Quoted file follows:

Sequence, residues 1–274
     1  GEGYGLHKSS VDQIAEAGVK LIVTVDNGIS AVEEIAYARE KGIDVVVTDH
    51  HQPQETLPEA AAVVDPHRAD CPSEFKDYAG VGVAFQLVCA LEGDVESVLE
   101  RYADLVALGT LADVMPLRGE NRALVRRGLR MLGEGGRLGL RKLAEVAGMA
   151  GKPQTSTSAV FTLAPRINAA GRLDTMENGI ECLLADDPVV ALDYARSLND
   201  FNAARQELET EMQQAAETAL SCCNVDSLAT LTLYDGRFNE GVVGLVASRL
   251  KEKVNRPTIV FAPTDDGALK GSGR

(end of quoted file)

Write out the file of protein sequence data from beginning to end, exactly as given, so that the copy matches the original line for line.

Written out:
Sequence, residues 1–274
     1  GEGYGLHKSS VDQIAEAGVK LIVTVDNGIS AVEEIAYARE KGIDVVVTDH
    51  HQPQETLPEA AAVVDPHRAD CPSEFKDYAG VGVAFQLVCA LEGDVESVLE
   101  RYADLVALGT LADVMPLRGE NRALVRRGLR MLGEGGRLGL RKLAEVAGMA
   151  GKPQTSTSAV FTLAPRINAA GRLDTMENGI ECLLADDPVV ALDYARSLND
   201  FNAARQELET EMQQAAETAL SCCNVDSLAT LTLYDGRFNE GVVGLVASRL
   251  KEKVNRPTIV FAPTDDGALK GSGR